New ‘certification’ of ticket resellers has been introduced today by Google in a move to create greater transparency and make it harder for unregulated ticket touts to operate online.
The moves were announced at the end of 2017 but have only come into full effect today.
In a statement released today Google said:
“Many venues sell tickets directly and some use resellers to help, making it easy to get the seats you want. Unfortunately, some ticket resellers provide limited transparency in their ads about ticket costs and fees, as well as their association with a specific venue or event. Lack of transparency can erode trust in the online ticket ecosystem and makes it harder for legitimate businesses to reach customers.”
“We only want companies that offer a great user experience on our platform. Effective today, we are tightening our standards and will require all event ticket resellers to be certified and to radically increase their transparency. This will give users more clarity on the vendor reselling the tickets and the total cost of those tickets, including any associated fees.”
To be certified by Google, an event ticket reseller must:
- Not imply that they are a primary marketplace
- Prominently disclose themselves as a ticket reseller/secondary marketplace
- Prominently disclose that prices may be above face value
- Provide the total and breakup of the price across fees and taxes before requiring payment information
- Prominently provide the face value of the tickets being sold in the same currency (this will be required starting in March 2018)
“This updated policy is a result of our own research as well as the insights and feedback we gathered from users, advertisers, partners and third-party industry groups. To allow advertisers time to prepare for this change, we issued a change to our AdWords policy page in November 2017.”
“Transparency, trust and safety for our users will always be top priorities for Google. We remain dedicated to ensuring that the ads our users see are helpful, relevant and trustworthy.”
Certification must be obtained through an online application form in order for the reseller to advertise using AdWords on Google.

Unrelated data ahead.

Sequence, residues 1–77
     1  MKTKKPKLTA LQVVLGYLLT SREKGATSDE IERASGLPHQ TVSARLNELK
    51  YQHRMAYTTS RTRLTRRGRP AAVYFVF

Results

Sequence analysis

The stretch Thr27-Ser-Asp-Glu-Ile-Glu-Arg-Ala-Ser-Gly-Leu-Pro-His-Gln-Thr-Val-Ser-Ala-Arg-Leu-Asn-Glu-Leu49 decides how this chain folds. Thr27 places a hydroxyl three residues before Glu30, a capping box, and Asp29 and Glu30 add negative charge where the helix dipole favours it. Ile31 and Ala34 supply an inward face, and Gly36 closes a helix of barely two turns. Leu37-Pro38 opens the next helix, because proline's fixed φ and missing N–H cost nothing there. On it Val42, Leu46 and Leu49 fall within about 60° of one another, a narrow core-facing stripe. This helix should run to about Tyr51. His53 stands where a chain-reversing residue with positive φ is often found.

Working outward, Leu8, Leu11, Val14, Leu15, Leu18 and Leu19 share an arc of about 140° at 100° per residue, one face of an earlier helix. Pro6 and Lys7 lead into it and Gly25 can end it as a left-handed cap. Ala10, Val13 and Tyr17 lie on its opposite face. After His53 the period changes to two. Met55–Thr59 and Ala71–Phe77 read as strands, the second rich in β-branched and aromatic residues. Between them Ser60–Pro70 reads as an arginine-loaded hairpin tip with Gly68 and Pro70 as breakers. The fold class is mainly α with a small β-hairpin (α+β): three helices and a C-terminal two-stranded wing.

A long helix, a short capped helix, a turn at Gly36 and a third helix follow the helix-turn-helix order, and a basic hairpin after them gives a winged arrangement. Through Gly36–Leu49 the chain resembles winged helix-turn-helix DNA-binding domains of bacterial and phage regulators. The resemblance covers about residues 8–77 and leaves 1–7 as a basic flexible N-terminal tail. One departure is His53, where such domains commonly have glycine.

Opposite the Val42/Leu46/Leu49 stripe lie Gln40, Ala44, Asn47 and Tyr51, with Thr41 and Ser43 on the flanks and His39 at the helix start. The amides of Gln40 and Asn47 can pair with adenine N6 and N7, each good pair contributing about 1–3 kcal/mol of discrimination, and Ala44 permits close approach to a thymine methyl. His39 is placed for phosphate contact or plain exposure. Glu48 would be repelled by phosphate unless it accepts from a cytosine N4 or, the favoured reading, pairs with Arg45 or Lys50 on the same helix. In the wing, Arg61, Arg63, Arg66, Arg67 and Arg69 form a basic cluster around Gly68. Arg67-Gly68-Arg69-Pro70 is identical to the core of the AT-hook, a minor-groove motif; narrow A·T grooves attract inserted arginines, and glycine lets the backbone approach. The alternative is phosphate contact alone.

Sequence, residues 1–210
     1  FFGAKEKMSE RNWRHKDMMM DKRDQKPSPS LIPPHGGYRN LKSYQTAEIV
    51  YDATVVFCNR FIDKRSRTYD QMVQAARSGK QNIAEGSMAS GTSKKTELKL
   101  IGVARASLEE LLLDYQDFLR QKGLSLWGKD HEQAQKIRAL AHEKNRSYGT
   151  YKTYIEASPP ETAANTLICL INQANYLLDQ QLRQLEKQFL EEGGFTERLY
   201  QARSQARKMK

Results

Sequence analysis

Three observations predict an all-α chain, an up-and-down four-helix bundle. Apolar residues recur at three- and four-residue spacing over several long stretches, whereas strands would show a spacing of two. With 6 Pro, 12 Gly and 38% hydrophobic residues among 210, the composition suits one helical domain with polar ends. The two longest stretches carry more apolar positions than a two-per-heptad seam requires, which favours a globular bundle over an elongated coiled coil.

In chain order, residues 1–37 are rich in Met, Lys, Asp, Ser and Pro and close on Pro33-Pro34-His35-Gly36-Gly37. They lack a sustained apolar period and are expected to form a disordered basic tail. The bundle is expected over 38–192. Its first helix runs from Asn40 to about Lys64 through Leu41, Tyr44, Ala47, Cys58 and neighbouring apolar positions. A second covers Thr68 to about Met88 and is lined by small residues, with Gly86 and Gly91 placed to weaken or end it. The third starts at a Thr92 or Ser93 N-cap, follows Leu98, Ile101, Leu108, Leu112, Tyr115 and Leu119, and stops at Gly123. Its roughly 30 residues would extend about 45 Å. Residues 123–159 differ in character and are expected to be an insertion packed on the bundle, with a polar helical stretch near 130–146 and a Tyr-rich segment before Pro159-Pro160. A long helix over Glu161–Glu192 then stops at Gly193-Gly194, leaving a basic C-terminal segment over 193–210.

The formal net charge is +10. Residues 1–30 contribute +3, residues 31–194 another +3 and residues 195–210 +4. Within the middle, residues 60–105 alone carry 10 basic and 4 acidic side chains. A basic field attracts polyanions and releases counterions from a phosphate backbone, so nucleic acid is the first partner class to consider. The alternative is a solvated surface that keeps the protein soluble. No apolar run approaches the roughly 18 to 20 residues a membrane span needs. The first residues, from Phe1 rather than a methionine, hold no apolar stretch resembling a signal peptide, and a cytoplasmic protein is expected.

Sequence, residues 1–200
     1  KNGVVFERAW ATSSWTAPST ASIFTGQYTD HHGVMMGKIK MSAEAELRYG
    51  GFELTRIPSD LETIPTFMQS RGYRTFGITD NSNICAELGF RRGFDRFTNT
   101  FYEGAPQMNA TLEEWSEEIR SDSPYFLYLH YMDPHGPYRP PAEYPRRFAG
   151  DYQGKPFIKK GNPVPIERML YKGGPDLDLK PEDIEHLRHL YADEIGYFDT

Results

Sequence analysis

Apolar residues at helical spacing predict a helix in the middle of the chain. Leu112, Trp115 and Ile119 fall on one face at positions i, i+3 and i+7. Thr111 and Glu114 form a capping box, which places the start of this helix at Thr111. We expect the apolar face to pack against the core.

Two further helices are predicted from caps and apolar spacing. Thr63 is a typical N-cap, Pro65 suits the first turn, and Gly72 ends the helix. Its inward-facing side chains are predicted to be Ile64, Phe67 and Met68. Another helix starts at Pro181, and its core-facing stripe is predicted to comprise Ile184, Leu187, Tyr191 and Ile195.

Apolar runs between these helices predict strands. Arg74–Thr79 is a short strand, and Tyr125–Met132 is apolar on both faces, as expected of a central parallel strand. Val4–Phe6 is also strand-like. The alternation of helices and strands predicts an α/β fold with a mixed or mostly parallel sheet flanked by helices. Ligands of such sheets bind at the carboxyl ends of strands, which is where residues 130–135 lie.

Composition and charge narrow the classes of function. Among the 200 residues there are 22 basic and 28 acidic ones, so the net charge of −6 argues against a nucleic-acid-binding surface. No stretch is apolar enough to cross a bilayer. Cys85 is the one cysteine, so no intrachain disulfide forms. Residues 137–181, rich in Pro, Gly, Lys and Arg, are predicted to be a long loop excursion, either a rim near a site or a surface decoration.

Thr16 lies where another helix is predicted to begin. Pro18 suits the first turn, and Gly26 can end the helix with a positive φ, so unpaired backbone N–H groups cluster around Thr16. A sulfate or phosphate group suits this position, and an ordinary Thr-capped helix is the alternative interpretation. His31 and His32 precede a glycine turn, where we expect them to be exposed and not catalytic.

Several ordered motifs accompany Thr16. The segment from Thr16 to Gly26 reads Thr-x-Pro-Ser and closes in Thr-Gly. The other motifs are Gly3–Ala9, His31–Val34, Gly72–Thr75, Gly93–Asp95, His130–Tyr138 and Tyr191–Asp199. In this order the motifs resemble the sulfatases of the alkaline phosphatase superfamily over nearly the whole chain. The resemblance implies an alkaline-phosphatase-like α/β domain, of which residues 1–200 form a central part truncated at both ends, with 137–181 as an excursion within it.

The requirements for certification apply to any person or company providing a secondary market and the site lists two requirements in order to be certified.
Be honest about your business
To protect customers from scams and prevent potential confusion, resellers must clearly disclose on their website or app that they are a secondary market and aren’t the primary provider of the tickets. This disclosure should be easily visible and clearly explained in the top 20% of the reseller’s website, including the home page and any landing pages.
This also means you can’t imply in your ads that you’re the primary provider of the tickets, with words like “Official” or by including the artist or venue name in the the website’s URL. For example, you can’t use “ArtistNameTickets.com” or “VenueNameTickets.com” as your URL.
Provide accurate price information
It’s common practice for resellers to mark up the price of tickets, and customers must be aware of it. Resellers must prominently disclose that ticket prices are higher than face value (meaning the price offered by the primary provider). This disclosure should be easily visible and clearly explained in the top 20% of the reseller’s website, including the home page and any landing pages.
Resellers must also provide a price breakdown during the checkout process and before the customer provides payment information. The breakdown should show the specific costs added, such as taxes and any fees that have been added.
In March 2018, resellers will also need to provide the face value of a ticket along with the reseller’s price, and in the same currency.
The change has been well flagged and will not impact on the majority of reputable sites offering tickets for sale but will be seen as a step forward in creating a fairer marketplace.